Illustrated in FIG. 2 is the front side wall 33 of the box when looked at from the interior 27 of the box. It is composed of the primary slot 19 having a feed point 37 where the transmission line 41 is connected. The diodes 39 are used to make the slot resonate at the chosen transmission frequencies. In the preferred embodiment, the slot antenna is used to receive signals in the band of 137 to 138 MHz and to transmit in the band 148 to 150 MHz. The wavelength of the received signals is therefore longer than the wavelength of the transmitted signals. This difference in wavelengths is put to advantage in the present antenna by a device that permits to resonate the slot at both the receiving and the transmitting frequencies, and to obtain optimum performance of the antenna for receiving as well as for transmitting. The slot length is chosen to resonate at the receiving frequency (U.S. Pat. No. longer wavelength). The primary slot 19 length is reduced for transmitting by short-circuiting the slot at the appropriate point to effect resonance at the transmitting frequency. The short-circuit is effected by two conductive diodes 39 connected across the slot, in parallel, and in opposite polarity.
Since the diodes 39 do not start conducting until the voltage across them attains 0.2 to 0.6 volts, depending on the type of diodes used, they have little effect on the received signals which are at the pvolts level, and the full length of the slot remains effective. That is, the presence of these diodes does not affect the resonance of the slot at the receiving frequency.
However, during transmission, the voltage at the location of the diodes would be much larger than 0.6 volts, were it not for the diodes, and the diodes then enter alternatively into conduction, thus creating a near shortcircuit, and effectively reducing the length of the slot to make it resonate at the transmitting frequency.
The circuitry 43 is preferably located at the bottom of the cavity. However, it can be placed anywhere in the cavity as long as there is a liberated space available in the cavity.
FIG. 3 shows a perspective view with one end wall 25 of the box removed. What we see are the wires 41 from the solar panels (U.S. Pat. No. not shown) which is used to power the system and which can be mounted on the housing at a convenient location not to cover the slots. The panels will not affect the operation of the antenna. The electronic circuitry 43 is also secured in the lower compartment 44 of the box.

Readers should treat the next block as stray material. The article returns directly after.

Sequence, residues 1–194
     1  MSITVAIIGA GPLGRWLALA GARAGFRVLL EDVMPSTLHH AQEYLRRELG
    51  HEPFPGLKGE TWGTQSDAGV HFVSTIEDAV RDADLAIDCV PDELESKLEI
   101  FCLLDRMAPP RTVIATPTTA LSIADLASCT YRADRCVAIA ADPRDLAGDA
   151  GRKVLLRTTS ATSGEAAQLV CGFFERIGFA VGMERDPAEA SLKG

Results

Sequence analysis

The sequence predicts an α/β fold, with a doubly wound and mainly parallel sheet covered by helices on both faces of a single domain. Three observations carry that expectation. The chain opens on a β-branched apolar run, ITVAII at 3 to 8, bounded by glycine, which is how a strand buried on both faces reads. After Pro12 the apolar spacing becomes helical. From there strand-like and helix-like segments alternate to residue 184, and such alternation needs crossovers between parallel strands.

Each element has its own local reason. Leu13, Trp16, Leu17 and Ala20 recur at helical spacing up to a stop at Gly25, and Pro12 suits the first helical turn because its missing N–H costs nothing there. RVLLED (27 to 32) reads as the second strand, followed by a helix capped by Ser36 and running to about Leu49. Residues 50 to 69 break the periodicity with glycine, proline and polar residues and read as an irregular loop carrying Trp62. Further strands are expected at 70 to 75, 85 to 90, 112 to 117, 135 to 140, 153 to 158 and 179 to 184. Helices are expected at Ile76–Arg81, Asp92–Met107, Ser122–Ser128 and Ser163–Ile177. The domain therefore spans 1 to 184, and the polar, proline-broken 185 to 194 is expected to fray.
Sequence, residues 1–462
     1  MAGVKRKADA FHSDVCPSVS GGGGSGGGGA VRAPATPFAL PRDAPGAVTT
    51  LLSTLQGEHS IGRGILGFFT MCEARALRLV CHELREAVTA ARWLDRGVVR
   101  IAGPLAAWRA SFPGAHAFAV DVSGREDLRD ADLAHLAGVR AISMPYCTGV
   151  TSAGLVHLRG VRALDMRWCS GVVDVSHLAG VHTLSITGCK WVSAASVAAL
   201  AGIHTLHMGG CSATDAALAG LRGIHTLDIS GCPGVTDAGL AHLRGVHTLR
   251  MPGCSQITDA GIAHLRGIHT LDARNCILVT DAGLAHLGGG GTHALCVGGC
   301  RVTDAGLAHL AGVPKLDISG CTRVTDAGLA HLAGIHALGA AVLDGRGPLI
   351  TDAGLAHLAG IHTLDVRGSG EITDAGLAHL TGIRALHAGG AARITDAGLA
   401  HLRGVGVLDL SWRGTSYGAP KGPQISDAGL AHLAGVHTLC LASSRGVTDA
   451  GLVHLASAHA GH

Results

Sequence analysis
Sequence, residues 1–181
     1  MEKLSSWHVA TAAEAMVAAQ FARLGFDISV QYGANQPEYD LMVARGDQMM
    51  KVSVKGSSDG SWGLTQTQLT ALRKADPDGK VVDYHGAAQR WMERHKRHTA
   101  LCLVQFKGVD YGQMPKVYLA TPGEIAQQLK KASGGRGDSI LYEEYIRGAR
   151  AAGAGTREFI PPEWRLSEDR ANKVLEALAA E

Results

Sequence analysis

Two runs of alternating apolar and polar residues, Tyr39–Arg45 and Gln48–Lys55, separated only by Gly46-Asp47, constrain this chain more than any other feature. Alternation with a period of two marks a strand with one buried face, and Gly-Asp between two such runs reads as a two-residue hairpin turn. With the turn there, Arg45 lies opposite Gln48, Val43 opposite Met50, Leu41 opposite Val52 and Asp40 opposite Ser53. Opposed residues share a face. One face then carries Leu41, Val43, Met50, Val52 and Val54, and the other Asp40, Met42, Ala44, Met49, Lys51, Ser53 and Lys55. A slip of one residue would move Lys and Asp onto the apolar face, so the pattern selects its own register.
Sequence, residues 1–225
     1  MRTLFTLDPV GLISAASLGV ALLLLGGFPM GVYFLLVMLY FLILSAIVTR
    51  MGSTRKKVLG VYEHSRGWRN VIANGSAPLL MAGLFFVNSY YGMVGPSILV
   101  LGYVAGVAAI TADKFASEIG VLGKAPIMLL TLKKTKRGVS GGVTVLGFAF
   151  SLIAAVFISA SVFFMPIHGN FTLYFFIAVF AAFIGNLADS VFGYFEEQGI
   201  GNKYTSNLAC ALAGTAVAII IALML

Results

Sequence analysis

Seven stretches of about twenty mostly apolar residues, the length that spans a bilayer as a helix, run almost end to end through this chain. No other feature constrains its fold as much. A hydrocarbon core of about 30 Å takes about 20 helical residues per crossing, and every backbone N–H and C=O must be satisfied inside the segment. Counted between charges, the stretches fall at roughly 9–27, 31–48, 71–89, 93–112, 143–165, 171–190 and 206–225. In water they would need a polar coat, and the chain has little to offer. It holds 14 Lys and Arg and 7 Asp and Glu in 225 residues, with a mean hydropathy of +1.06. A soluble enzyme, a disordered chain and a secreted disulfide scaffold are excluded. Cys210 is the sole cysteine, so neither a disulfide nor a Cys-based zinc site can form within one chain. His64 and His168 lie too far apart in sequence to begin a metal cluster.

As shown on FIG. 4, in a preferred application, the cavity-backed slot antenna is mounted on a freight car 45 to allow tracking of, for example, the wagon's position, temperature, etc. The circuitry 43 in the box would then monitor specific data using sensors in the car and make adjustments to the environment of the car in the case it received particular instructions via satellite communication or otherwise. This type of antenna permits transmission and reception of signals at two different frequencies, by using a small electrically conductive box and it could be used on tractor trailers and all sorts of other vehicles and transportation means.
A protective shroud 46, as shown in FIG.3, of non-conductive material could be added to the embodiment of the invention to prevent water, dirt, insects and other nuisance to obstruct the slots and disable the electronic components housed therein.
The foregoing description shows only a preferred embodiment of the present invention. Various modifications are apparent to those skilled in the art without departing from the scope of the present invention, which is only limited by the appended claims. Therefore, the embodiment shown and described is only illustrative, not restrictive.
|Cited Patent||Filing date||Publication date||Applicant||Title|
|US4229745 *||Apr 30, 1979||Oct 21, 1980||International Telephone And Telegraph Corporation||Edge slotted waveguide antenna array with selectable radiation direction|
|US4247858 *||May 21, 1979||Jan 27, 1981||Kurt Eichweber||Antennas for use with optical and high-frequency radiation|
|US4839663 *||Nov 21, 1986||Jun 13, 1989||Hughes Aircraft Company||Dual polarized slot-dipole radiating element|
|US5831583 *||Nov 30, 1994||Nov 3, 1998||Saab Ericson Space Aktiebolag||Waveguide antenna|